LAS VEGAS — The 41st annual NATPE confab wound down in Vegas on Tuesday afternoon, with most of the 8,000-odd participants giving it a thumbs up after three down years and considerable defections on both the domestic and international fronts.
While lacking in many anouncements or break-out show, business was fairly buoyant, especially Monday on the convention floor and in the adjacent suites at the Venetian Hotel.
National Assn. of Television Program Executives prexy-CEO Rick Feldman was ubiquitous on the exhibition floor during the three-day bazaar, making all-out efforts to keep the mood upbeat and the trains running on time.
“I’d say it’s really promising and encouraging,” Feldman told Daily Variety late Tuesday.
Judging from comments from an assortment of indie distribbers and Hollywood heavyweights as well as station execs and foreign buyers, the trade show met their expectations and then some.
“NATPE clearly is back on its feet. It worked for me. The right people showed up,” said U.S. indie distribber Jon Helmrich.
“I saw more happy faces than gloomy ones, especially from the station contingent,” said Katz TV’s head programmer, Bill Carroll, who’s a veteran of the syndie trade show. “If the biggest complaint is sore feet, you know the show is a success.”
As for the international contingent, RTL exec August Rinner summed up a common reaction saying he was “absolutely surprised” by how good this go-round was. “I was sure that NATPE was a dying market. Instead I saw a lot more people with really interesting things. This has been a year of renewal, better than the last four years. We are not closing any deals here, but have found it very useful to meet with people to share our plans to fine-tune our discussions for the upcoming AFM.”
There was also general approval of the range and quality of the panels organized by NATPE.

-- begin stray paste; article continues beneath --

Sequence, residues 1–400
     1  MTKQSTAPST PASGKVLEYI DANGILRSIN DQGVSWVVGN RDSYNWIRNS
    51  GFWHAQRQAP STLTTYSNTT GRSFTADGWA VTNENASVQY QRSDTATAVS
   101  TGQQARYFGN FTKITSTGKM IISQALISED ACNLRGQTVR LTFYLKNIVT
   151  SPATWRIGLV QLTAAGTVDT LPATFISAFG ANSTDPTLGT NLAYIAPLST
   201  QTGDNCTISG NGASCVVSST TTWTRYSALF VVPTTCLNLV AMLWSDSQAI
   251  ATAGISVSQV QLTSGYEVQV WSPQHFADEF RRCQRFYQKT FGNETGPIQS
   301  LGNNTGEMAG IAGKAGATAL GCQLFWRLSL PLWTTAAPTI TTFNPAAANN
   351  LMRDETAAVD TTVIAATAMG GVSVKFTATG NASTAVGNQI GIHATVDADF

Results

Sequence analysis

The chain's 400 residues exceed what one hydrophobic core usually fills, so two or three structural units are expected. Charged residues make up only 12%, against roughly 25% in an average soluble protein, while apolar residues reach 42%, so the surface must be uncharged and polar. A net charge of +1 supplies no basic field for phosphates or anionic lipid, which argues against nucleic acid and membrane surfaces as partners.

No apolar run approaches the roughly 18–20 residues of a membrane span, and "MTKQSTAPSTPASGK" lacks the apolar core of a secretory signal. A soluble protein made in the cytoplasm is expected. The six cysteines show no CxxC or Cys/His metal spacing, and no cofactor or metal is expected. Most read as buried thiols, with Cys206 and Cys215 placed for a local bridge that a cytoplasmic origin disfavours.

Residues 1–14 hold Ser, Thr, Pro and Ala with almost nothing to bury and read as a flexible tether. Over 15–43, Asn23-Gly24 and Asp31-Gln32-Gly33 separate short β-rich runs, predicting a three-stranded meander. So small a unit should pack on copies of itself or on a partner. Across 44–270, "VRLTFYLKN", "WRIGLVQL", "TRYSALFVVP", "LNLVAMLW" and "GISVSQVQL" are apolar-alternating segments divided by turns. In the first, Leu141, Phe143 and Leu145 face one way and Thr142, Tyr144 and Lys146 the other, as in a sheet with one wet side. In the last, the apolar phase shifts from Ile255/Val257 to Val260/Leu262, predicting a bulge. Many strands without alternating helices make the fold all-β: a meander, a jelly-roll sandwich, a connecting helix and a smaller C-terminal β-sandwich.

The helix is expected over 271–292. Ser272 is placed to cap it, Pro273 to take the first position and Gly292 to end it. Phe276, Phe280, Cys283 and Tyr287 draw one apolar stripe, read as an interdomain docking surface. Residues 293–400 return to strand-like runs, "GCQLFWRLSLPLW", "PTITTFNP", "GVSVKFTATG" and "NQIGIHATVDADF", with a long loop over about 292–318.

A return to the bustle
Major distribbers who exhibited on the convention floor but spent less this year on outfitting their stands — companies like King World, MGM, NBC, Universal and Sony — were generally pleased with the level of activity though a few thought the noise level was a distraction during private meetings in makeshift screening rooms.
Some buyers still griped that trekking from the Venetian suites to the convention center was an inconvenience they’d like to see eliminated. Fox Intl. TV held court in the Mandalay Bay Hotel at the southern end of the Strip, which, given the lines for cabs in Vegas, became a slog.
But Twentieth Domestic TV prexy Bob Cook said his suites in the Venetian were packed Sunday and Monday, and that it felt like the old days of the bustling syndie biz.
Several domestic syndicators who exhibited in the Venetian suites were seen checking out the convention floor and its accoutrements, Tuesday — perhaps having second thoughts about continuing with the suites next year.
The NATPE board will do a post-mortem on the confab in a few weeks, and is still considering options for the precise timing and venue of next year’s gathering. Most probably: Vegas again and slightly later in January.
Clearances pile up
A handful of firstrun syndicated hopefuls continued to rack up clearances during the market and will almost certainly go on air next fall. They include Paramount’s “The Insider,” NBC’s “Jane Pauley,” Disney’s “Tony Danza,” Universal’s “Home Delivery” and Twentieth’s “Ambush Makeover,” though specifics were not readily available.
Other program sellers also had good news to share:
E! Networks has inked deals with broadcasters throughout Asia for more than 1,000 hours of programming from E! and Style. Encore Intl., Liberty Media’s Asian arm, has picked up more than a dozen titles for its Jiayi block on China Central TV. Greystone TV has pacted with upcoming cable net the America Channel to produce nonfiction programming.
Mexico’s TV Azteca did brisk business with two new telenovelas, closing deals in 10 Latin territories for “Sonoras” (Dreamer) and in five for “The Heiress.”